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Dr. Francis DuFrayne: Father and Son in Iraq

Dr. Francis DuFrayne is a gastroenterologist in his 50s at the Pennsylvania Hospital in Philadelphia. He is also a captain in the U.S. Navy Reserve. He recently returned from a six-month tour of duty in Iraq, where he was called up to treat wounded soldiers. While he was in Iraq, his son was also serving there in the Marines.

39:21

Other segments from the episode on July 11, 2005

Fresh Air with Terry Gross, July 11, 2005: Interview with Dr. Francis Dufrayne; Review of Nicole Mitchell's new album "Hope, future and destiny."

Transcript

DATE July 11, 2005 ACCOUNT NUMBER N/A
TIME 12:00 Noon-1:00 PM AUDIENCE N/A
NETWORK NPR
PROGRAM Fresh Air

Interview: Dr. Francis Dufrayne talks about his recent experiences
in Iraq as a Naval Reserve physician
TERRY GROSS, host:

This is FRESH AIR. I'm Terry Gross.

The war in Iraq has relied heavily on Reserve and National Guard members, who
make up about 35 percent of the troops in Iraq. But that share is expected to
drop to 30 percent by next year. The lead story in today's New York Times is
about the steep decline in Reserve and National Guard troops on domestic and
overseas missions. The main reason for this decline, according to military
personnel specialists, is that more and more of these troops are nearing their
maximum 24-month call-up limit.

We're going to hear the story of one Reservist who was called to Iraq, a
doctor I know named Dr. Francis DuFrayne. He's a captain in the Navy Reserve
and is in his mid-50s. His 28-year-old son, who's a captain in the Marine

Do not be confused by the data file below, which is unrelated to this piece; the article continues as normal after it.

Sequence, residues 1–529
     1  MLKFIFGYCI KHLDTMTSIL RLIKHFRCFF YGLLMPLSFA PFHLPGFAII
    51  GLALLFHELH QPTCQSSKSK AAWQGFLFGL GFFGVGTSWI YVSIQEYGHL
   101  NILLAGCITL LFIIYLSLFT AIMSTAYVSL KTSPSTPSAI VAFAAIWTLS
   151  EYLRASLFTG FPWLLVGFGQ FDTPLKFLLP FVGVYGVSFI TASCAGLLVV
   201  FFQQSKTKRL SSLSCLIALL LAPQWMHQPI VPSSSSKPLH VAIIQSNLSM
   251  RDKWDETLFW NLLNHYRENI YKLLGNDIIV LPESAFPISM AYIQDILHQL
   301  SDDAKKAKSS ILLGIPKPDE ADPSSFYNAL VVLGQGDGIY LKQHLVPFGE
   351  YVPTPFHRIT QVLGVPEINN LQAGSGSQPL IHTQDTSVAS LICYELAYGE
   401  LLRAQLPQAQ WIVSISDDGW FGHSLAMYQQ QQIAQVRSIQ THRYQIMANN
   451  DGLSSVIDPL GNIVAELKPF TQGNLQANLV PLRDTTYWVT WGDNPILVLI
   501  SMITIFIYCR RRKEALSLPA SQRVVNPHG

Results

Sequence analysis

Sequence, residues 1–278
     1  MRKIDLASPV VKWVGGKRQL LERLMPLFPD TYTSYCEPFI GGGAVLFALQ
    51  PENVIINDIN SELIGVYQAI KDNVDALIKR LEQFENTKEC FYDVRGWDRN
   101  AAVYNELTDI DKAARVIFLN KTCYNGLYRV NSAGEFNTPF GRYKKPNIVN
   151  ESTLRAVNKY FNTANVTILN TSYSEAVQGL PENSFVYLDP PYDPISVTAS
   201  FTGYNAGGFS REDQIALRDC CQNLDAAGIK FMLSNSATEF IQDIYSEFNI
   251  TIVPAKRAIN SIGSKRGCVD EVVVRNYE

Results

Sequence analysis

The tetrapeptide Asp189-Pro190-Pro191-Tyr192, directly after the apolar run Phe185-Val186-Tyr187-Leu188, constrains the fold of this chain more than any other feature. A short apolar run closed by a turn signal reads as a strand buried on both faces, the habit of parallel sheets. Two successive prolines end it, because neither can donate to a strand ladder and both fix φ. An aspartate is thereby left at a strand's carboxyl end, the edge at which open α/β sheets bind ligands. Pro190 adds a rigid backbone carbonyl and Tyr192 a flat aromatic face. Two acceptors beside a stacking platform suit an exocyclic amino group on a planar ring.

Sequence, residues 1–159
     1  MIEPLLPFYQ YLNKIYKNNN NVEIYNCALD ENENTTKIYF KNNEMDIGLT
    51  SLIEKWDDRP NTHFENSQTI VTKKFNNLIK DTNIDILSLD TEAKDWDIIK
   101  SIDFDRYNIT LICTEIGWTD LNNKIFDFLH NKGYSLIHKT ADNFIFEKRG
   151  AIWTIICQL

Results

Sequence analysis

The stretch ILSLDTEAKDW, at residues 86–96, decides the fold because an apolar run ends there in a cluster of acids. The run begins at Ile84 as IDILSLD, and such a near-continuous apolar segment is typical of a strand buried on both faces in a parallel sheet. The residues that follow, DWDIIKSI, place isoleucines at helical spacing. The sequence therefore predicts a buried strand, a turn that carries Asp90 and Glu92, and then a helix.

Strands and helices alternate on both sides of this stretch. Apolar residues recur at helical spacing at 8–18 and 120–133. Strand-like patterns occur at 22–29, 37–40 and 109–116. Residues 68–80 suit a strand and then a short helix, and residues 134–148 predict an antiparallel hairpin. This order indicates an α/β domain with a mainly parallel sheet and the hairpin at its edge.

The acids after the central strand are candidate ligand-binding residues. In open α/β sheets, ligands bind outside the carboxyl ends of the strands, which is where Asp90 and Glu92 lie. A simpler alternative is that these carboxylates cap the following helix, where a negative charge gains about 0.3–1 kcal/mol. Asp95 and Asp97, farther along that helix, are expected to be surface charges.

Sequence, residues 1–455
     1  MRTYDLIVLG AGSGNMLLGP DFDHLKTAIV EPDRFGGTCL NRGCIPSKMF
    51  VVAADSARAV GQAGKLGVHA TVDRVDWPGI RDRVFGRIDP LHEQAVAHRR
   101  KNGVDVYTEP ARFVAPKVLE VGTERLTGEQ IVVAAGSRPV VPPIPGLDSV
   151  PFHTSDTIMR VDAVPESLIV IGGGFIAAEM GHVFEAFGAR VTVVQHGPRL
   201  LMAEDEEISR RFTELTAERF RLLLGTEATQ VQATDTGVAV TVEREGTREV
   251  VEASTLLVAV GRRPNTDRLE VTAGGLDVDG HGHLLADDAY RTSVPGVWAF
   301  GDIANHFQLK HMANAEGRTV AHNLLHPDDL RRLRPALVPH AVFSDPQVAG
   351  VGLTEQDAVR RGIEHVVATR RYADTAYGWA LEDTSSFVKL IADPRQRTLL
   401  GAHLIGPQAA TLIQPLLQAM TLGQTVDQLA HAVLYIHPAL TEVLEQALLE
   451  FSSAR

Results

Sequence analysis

Corps Reserve, was called to serve in Iraq at the same time. Dr. DuFrayne was
based in the Iraqi town of Ramadi for six months. He returned to the States
in early April but remained on active duty until early May. We invited Dr.
DuFrayne to talk with us about what it was like to leave his Philadelphia
gastroenterology practice to practice military medicine in a war zone. Dr.
DuFrayne is an assistant professor in medicine at the University of
Pennsylvania and is on the executive committee of Pennsylvania Hospital.

Dr. DuFrayne, were you surprised to be called up to actually go to Iraq?

Dr. FRANCIS DuFRAYNE (Gastroenterologist, Pennsylvania Hospital; Assistant
Professor in Medicine, University of Pennsylvania): No, actually, I wasn't
surprised, because I'm in a unit that is, in military terms, called an
operational unit. You know at some point you can be called to go back to
active duty and to go to different parts of the world. I've been in the
military and the Reserves--active duty in the Reserves for a long time. I
always knew that this was a possibility. I've pretty much stayed in
operational medicine my whole time in the military, so I knew more than likely
at some point I would be going overseas.

GROSS: What was your family's reaction?

Dr. DuFRAYNE: Very supportive. Luckily for me, I--my wife and I got married
while I was on active duty in the military. I had a...

GROSS: This was when you were in the Navy in the '70s.

Dr. DuFRAYNE: When I was in the Navy in the early '70s. And I had about a
12-year gap when I came out of the Navy. I had to go to college and medical
school, all my training, and at the end of my training, I said to my wife,
`You know, now that all this is done, I'd actually--would like to go back in
the--go into the Reserves.'

GROSS: Why did you want to go back into the Reserves?

Dr. DuFRAYNE: You know, I really benefited from my time in the service. I
was 18 when I went in the military. I really didn't know what I wanted to do.
I was basically given the assignment of being a corpsman, or a medic. In the